[NO LONGER MAINTAINED] A JS utility for for parsing URLs and extracting information out of them.
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Purl (A JavaScript URL parser) v2.3.1

PLEASE NOTE: THIS PACKAGE IS NO LONGER MAINTAINED. There are plenty of great alternatives such as URI.js which I suggest you check out instead.

An AMD compatible utility to parse urls and provide easy access to their attributes (such as the protocol, host, port etc), path segments, querystring parameters, fragment parameters and more.

The core parser functionality is based on the Regex URI parser by Steven Levithan, and the query string parsing is handled by a modified version of node-querystring.

Note this used to have a jQuery dependency - this is now optional. See below for details

License: Available for use under a MIT-style license. If you need a different license for any reason please just let me know.

To jQuery or not to jQuery, that is the question...

This utility can be used in two ways - with jQuery or without. There is just one file (purl.js) for both versions - if jQuery is included on the page before it then it will provide the 'jQuery-style' interface (see examples below), otherwise it will be accessible via the global purl variable.

The jQuery version has an additional feature that lets it extract the URL from a jQuery element object, where appropriate.

Specifying the URL to parse

There are a few different ways to choose what URL to parse:

/*---- jQuery version -----*/
var url = $.url(); // parse the current page URL
var url = $.url('http://allmarkedup.com'); // pass in a URI as a string and parse that 
var url = $('#myElement').url(); // extract the URL from the selected element and parse that - will work on any element with a `src`, `href` or `action` attribute.

/*---- plain JS version -----*/
var url = purl(); // parse the current page URL
var url = purl('http://allmarkedup.com'); // pass in a URI as a string and parse that 

URL attributes

The .attr() method is used to return information on various parts of the URL. For example:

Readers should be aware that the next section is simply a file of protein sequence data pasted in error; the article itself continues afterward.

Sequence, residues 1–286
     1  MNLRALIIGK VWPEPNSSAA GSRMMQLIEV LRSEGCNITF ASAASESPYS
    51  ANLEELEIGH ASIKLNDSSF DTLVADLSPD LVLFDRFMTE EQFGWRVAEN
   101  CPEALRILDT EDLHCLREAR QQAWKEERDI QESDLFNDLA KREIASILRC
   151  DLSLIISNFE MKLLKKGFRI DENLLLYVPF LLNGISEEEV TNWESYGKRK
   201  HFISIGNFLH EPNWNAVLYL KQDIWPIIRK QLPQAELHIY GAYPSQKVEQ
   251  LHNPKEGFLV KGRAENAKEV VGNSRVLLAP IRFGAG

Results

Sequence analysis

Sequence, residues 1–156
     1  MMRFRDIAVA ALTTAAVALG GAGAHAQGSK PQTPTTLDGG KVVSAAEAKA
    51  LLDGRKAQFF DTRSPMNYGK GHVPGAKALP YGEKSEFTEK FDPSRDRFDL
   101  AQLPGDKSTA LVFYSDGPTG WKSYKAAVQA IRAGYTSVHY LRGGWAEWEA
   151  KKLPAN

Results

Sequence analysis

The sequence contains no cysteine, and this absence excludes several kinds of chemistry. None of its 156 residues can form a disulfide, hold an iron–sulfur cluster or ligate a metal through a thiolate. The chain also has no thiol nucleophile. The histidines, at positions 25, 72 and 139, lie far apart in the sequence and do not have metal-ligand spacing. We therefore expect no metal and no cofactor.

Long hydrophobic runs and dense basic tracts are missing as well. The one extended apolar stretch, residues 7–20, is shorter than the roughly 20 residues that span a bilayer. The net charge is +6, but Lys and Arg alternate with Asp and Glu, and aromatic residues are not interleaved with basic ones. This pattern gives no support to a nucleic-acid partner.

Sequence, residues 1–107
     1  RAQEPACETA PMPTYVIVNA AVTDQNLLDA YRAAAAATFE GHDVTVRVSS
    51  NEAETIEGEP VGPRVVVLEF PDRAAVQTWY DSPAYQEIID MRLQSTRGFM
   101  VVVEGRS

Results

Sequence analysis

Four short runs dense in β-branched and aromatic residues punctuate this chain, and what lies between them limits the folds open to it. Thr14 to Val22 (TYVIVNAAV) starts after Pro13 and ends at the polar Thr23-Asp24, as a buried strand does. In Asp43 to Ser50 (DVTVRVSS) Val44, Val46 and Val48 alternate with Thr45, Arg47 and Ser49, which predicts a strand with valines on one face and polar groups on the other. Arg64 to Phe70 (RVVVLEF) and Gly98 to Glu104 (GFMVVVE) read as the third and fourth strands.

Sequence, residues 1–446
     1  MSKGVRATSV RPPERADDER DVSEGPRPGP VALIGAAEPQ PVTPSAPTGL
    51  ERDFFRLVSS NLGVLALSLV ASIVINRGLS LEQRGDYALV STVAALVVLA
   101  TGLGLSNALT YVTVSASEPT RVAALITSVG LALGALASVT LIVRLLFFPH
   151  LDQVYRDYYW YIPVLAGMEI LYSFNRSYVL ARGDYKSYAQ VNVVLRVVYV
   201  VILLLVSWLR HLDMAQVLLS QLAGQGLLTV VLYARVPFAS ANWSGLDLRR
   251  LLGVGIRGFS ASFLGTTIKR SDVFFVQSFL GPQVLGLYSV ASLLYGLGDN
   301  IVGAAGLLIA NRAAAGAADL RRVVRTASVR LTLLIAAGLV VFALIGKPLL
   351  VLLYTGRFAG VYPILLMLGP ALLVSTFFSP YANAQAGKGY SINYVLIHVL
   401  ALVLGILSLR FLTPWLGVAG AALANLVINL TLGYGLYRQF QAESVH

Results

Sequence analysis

var url = $.url('http://allmarkedup.com/folder/dir/index.html?item=value'); // jQuery version
var url = purl('http://allmarkedup.com/folder/dir/index.html?item=value'); // plain JS version
url.attr('protocol'); // returns 'http'
url.attr('path'); // returns '/folder/dir/index.html'

The attributes available for querying are:

sourceThe whole url being parsed
protocoleg. http, https, file, etc
hosteg. www.mydomain.com, localhost etc
porteg. 80
relativeThe relative path to the file including the querystring (eg. /folder/dir/index.html?item=value)
pathThe path to the file (eg. /folder/dir/index.html)
directoryThe directory part of the path (eg. /folder/dir/)
fileThe basename of the file eg. index.html
queryThe entire query string if it exists, eg. item=value&item2=value2
fragment or anchorThe entire string after the # symbol
> url = $.url("http://markdown.com/awesome/language/markdown.html?show=all#top");
> url.attr('source');

> url.attr('protocol');

> url.attr('host');

> url.attr('relative');

> url.attr('path');

> url.attr('directory');

> url.attr('file');

> url.attr('query');

> url.attr('fragment');

There are also a few more obscure ones available too if you want to dig about a bit ;-)

If you don't specify an attribute then this method will return an object literal with all the available attribute key:value pairs in it.

Query string parameters

The .param() method is used to return the values of querystring parameters.

Pass in a string to access that parameter's value:

/*---- jQuery version -----*/
$.url('http://allmarkedup.com?sky=blue&grass=green').param('sky'); // returns 'blue'

/*---- plain JS version -----*/
purl('http://allmarkedup.com?sky=blue&grass=green').param('sky'); // returns 'blue'

If no argument is passed in it will return an object literal containing a key:value map of all the querystring parameters.

/*---- jQuery version -----*/
$.url('http://allmarkedup.com?sky=blue&grass=green').param(); // returns { 'sky':'blue', 'grass':'green' }

/*---- plain JS version -----*/
purl('http://allmarkedup.com?sky=blue&grass=green').param(); // returns { 'sky':'blue', 'grass':'green' }